Remember back in 2009, when the G-20 surprised a lot of people by emerging as the pre-eminent global macro coordination body? Well, the next meeting is this week in Seoul, and as Felix Salmon notes things aren't looking so good:
The unity we saw at the London summit in 2009 is a distant memory: no one, now, can even agree on what internationally coordinated action should look like, let alone actually get their respective parliaments to implement it. Which in turn means that G20 national economic policies are increasingly likely to work against each other than constructively with each other. It might well take another full-blown crisis before Germany and the U.S. are on the same page again.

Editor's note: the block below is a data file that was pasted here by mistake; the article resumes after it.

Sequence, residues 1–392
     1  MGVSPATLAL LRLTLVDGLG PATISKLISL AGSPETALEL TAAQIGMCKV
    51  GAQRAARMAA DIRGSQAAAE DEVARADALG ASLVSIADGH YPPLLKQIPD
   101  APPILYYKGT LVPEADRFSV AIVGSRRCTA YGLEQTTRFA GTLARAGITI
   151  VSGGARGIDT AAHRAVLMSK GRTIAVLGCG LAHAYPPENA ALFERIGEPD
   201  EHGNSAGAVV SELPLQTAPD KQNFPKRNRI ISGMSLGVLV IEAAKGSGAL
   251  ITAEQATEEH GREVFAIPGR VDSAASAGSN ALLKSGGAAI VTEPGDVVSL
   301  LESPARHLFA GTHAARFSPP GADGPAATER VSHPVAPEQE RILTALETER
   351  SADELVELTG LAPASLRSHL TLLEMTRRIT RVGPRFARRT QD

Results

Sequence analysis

I think this was mostly inevitable, for reasons I'll go into in more depth soon. In any case, domestic politics has been in the headlines for the past year, at least in the States, but it looks like international politics is where the action is at moving forward.